No more knives. No need. He had control. He slashed his own palm and held it out for Crystal to drink, then he slashed her palm and drank at the same time. It wasn’t necessary for the change, he knew that now, but it was glorious. Crystal’s eyes, as she drank, reflected the same glory. The grown-ups—a part of him smiled at that—on the couch watched in awe and weren’t nearly as upset as Johnny had thought they would be. Lisa’s living room was a far cry from the shores of a long-forgotten lake, but it would do.
“Do you plan on sleeping here?” Kenny asked. Part of him would rather have Johnny here under his control than loose in the town somewhere. “Now that you’re back?”
Johnny shook his head, smiling. “No.” Maybe, sometimes. But he was not going to tell Kenny or even Lisa that. He hadn’t wanted Crystal to know he sometimes rested here in the hidden room above the attic stairs, but she had discovered that on her own. He trusted Crystal with his life. “I have my own resting place.”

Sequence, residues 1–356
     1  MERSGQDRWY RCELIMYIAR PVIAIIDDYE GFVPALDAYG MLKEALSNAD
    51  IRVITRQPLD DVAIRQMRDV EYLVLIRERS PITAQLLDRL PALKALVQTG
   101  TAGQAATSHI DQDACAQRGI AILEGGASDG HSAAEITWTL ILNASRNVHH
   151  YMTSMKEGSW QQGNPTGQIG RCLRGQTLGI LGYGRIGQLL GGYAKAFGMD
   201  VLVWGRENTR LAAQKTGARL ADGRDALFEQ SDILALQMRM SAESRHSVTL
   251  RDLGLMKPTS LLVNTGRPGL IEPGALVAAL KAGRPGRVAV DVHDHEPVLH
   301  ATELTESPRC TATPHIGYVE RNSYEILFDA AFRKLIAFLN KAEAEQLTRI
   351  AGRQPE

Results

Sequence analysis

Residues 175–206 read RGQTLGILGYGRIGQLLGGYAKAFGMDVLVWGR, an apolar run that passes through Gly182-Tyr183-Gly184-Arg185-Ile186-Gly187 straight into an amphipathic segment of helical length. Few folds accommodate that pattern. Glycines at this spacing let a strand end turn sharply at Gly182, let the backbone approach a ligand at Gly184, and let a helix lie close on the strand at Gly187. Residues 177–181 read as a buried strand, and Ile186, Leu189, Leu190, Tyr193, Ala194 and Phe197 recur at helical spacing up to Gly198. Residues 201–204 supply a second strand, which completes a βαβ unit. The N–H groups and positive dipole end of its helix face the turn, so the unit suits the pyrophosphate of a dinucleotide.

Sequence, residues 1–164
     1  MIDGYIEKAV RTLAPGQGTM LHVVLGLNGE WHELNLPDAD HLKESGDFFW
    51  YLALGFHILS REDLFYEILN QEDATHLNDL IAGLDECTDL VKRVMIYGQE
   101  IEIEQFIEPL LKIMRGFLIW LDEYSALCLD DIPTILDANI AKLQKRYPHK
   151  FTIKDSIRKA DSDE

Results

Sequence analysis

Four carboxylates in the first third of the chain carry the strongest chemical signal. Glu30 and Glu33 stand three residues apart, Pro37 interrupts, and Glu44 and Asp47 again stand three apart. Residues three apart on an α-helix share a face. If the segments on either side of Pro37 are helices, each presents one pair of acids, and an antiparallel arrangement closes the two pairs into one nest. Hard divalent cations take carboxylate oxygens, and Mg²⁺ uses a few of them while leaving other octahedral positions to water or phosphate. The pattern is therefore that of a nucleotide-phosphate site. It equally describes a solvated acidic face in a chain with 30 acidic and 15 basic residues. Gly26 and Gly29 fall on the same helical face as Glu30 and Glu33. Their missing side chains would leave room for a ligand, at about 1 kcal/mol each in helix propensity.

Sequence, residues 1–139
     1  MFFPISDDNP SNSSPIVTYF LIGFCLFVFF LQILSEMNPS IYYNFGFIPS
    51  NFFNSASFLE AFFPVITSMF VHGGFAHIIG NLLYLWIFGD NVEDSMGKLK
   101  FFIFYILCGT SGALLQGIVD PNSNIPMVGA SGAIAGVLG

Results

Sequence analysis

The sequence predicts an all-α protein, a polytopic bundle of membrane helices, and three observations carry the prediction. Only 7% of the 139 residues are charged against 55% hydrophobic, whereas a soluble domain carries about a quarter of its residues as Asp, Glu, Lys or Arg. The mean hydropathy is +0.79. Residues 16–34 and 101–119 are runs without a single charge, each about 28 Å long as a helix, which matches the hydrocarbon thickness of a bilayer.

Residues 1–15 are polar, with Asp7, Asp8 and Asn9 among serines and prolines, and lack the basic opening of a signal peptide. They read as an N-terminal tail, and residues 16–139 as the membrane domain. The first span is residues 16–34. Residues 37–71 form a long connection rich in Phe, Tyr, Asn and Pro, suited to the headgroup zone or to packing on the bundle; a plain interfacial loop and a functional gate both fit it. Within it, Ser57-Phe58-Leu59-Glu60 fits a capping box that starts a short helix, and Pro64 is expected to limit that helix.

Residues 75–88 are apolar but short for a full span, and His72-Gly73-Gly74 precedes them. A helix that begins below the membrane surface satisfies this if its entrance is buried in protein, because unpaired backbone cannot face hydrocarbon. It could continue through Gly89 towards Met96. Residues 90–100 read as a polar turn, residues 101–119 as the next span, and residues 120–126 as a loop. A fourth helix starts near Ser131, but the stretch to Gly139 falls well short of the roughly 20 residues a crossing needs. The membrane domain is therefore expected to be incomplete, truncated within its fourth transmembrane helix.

Kenny clenched his jaw. Why wouldn’t the vampire tell him where he slept? “You protect us, we protect you,” he said simply. “Right?”
“I’m still not telling you where I sleep.”
“Why did you offer me your blood?” Johnny countered. “Because you trust me?”
Kenny reddened. The vampire was right. He didn’t trust him completely. He wasn’t sure what it was that he felt. He no longer hated the vampire. “Forget it,” he said.
“Well, if you’re going to be around the house this summer,” Lisa said, “I’m going to put you to work. We have lots of things that need to be fixed up before September. Family members support each other, right? You can start by helping Kenny fix the shingles on the shed.”
“You think that by doing things together we’ll start to like each other?” Kenny asked, jerking his thumb at Johnny. “What use is he going to be in full daylight? Do you want us to work on the roof at night?”